By Mike Wilmington Wilmington@moviecitynews.com

Wilmington On Movies: Table 19

Table 19 (** 1/2)
U.S.: 2017, Jeffrey Blitz

Smart, well-acted, good-humored, but not particularly funny or likable, Table 19 is another example of the great tradition of the American movie romantic comedy gone sadly astray. Written by Jay and Mark Duplass and directed by Jeffrey Blitz (Rocket Science), it’s another not-so-hot ensemble would-be romcom joke-fest about  a middle-class wedding party where everything goes wrong until a happy ending shows up to make it all go right—or sort of right and sort of happy.

This time out, instead of Four Weddings and a Funeral, or Wedding Crashers, or Bridesmaids, or My Big Fat Greek Wedding or some other such rousing tie-the-knot comedy, we get Table 19, led by that brainy little charmer Anna Kendrick—playing Eloise McGarry, one of the initially hapless denizens of this show’s infamous Table 19.  Ah, Table 19—That‘s the wrong-side wedding party locale, where all the guests who probably shouldn’t have been invited in the first place and who aren’t  on the greatest terms with either the bride’s or the groom’s factions, get siphoned off and dropped and hopefully forgotten—by everyone except the audience. Who may well want to.

As the rest of the guests revel in the usual movie wedding well-dressed, liquored-up bash, Eloise and her bunch of semi-pariahs suffer the ignominy of sort-of banishment. Seated at 19, way off in a corner, is, first of all, Eloise herself, who was the Bride’s best buddy and also the girlfriend of The best man (Wyatt Russell as Teddy), until Teddy dumped her, and the Bride got a new crony. Mistreatment that caused Eloise to nearly burn up the invitation when she received it.

But, at the party, surrounding Eloise, and ultimately becoming her instant buddies is a gallery of well-paid movie comedian misfits that include bickering hubby and wife Jerry and Edna Kepp (Craig Robinson, Lisa Kudrow), salty ex-nanny Jo Flanagan (Nebraska’s sharp-tongued Oscar nominee June Squibb), the ridiculously inept pick-up artist, Eckberg (Tony Revolori), and, from the British TV empire, gangly beanpole ex-(white collar) con Walter Thimble (Stephen Merchant), who doesn‘t want everybody to know he just got out of stir, after getting caught for embezzling. As a special wedding movie table gift for Eloise there’s also an Aussie hunk Huck (Thomas Cocquerel), who seems to be around to supply Kendrick with another romantic option.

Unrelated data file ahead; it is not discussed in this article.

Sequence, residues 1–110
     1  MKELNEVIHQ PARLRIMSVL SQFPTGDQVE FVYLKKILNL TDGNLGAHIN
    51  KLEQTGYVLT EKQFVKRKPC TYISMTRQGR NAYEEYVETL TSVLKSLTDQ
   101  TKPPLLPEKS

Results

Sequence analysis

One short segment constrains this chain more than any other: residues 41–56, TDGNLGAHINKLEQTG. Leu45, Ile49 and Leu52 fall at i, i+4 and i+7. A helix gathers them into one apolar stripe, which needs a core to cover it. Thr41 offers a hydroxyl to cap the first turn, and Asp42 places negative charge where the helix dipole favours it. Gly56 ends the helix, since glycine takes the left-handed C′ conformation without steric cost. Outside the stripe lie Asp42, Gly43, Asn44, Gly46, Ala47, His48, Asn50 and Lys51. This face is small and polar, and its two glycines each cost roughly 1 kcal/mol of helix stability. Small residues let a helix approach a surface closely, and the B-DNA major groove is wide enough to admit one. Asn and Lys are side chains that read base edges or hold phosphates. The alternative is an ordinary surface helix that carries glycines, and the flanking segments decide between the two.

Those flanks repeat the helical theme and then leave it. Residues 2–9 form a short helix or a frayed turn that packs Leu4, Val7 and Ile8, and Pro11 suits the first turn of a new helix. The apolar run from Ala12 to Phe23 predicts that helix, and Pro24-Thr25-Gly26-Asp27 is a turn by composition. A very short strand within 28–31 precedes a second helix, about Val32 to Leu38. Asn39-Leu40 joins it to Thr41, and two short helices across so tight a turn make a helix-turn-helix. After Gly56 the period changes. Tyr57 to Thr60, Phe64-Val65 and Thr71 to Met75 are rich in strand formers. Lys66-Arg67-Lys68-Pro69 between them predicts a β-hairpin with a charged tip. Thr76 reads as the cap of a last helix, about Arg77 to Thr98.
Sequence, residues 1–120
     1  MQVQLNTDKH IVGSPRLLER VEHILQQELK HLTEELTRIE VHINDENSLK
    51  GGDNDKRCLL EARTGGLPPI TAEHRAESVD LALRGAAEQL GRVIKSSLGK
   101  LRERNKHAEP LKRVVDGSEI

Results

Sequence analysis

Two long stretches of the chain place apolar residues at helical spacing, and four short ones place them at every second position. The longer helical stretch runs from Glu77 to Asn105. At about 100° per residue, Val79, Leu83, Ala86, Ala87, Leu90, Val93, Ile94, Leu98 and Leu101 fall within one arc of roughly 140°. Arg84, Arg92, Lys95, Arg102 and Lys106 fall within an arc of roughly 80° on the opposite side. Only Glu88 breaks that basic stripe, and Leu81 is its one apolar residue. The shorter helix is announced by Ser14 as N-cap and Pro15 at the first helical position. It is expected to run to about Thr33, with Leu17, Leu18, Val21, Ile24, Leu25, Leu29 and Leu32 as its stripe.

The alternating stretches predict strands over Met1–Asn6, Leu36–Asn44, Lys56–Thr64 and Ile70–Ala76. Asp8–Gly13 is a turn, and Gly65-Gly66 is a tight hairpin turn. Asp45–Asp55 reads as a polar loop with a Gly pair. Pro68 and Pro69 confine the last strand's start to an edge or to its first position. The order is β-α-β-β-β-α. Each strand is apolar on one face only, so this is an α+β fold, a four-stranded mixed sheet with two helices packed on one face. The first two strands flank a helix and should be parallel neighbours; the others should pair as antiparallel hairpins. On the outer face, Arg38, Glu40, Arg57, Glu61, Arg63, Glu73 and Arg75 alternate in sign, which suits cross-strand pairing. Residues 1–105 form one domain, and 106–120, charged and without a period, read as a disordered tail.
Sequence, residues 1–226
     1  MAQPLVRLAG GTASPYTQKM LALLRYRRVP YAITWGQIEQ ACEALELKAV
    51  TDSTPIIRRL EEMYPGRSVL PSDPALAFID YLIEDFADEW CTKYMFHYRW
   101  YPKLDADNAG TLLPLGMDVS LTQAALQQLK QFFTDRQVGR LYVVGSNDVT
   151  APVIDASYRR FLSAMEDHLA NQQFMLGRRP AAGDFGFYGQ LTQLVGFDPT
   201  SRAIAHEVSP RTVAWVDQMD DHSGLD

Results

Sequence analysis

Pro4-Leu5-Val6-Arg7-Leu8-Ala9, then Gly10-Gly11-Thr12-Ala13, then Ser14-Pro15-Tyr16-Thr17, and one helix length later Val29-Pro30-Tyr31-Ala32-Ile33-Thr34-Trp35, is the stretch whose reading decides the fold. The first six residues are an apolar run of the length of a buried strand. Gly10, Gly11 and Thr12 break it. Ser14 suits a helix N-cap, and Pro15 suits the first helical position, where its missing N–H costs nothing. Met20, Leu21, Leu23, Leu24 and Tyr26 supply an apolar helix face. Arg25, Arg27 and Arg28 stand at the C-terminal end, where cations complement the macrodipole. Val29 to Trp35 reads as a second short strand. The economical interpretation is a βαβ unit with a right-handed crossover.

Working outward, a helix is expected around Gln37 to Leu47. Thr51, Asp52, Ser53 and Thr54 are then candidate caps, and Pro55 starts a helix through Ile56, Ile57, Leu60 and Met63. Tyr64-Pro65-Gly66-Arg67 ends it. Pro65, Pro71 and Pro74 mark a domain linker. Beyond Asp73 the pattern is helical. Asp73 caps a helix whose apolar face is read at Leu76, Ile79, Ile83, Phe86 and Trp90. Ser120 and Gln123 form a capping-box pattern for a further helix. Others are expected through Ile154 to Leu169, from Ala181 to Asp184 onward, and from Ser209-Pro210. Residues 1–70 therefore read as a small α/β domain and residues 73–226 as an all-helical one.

It’s a reasonably funny cast, and for a while, it seems a mystery that the movie itself is so lacking in humor or zip. But eventually, we come to the lamentable conclusion that unfunniness is this particular movie’s state of mind and of being, and we’re going to have to put up with it or leave, and just hope that the next show starring the sometimes genuinely amusing Anna Kendrick — or Craig Robinson, or Lisa Kudrow or Stephen Merchant or Tony Revolori  —has a droller script and snappier lines. Something more in the line of Up In The Air, that nimbly verbal white collar comedy that gave Anna Kendrick her best part.

Part of the problem with pictures like Table 19, may be that it’s too good-humored and civilized. Movie comedy often works better when we sense it’s capable of a bit more savagery and bile, or at least more comic realism. But Table 19, even when it turns a little mean (as in the foul-mouthed pickup attempts of Tony Revolori‘s Eckberg), never strikes us really as getting out of hand. I also found the happy ending not very satisfying, or happy, and the final coupling not something I was eager to see — or the wedding party a confab I especially wanted to attend. When a movie makes you long for Adam Sandler to show up and sing a few wedding songs, even in falsetto, it’s not a cinematic table you want to reserve a seat for — even with Anna Kendrick as a come-on, and a wedding party all up in the air.

Comments are closed.

Quote Unquotesee all »

“Ten years ago at Telluride, I said on a panel that theatrical distribution was dying. It seemed obvious to me. I was surprised how many in the audience violently objected: ‘People will always want to go to the movies!’ That’s true, but it’s also true that theatrical cinema as we once knew it has died. Theatrical cinema is now Event Cinema, just as theatrical plays and musical performances are Events. No one just goes to a movie. It’s a planned occasion. Four types of Event Cinema remain.
1. Spectacle (IMAX-style blockbusters)
2. Family (cartoon like features)
3. Horror (teen-driven), and
4. Film Club (formerly arthouse but now anything serious).

There are isolated pockets like black cinema, romcom, girl’s-night-out, seniors, teen gross-outs, but it’s primarily those four. Everything else is TV. Now I have to go back to episode five of ‘Looming Tower.'”
~ Paul Schrader

“Because of my relative candor on Twitter regarding why I quit my day job, my DMs have overflowed with similar stories from colleagues around the globe. These peeks behind the curtains of film festivals, venues, distributors and funding bodies weren’t pretty. Certain dismal patterns recurred (and resonated): Boards who don’t engage with or even understand their organization’s artistic mission and are insensitive to the diverse neighborhood in which their organization’s venue is located; incompetent founders and/or presidents who create only obstacles, never solutions; unduly empowered, Trumpian bean counters who chip away at the taste and experiences that make organizations’ cultural offerings special; expensive PR teams that don’t bring to the table a bare-minimum familiarity with the rich subcultural art form they’re half-heartedly peddling as “product”; nonprofit arts organizations for whom art now ranks as a distant-second goal behind profit.”
~ Eric Allen Hatch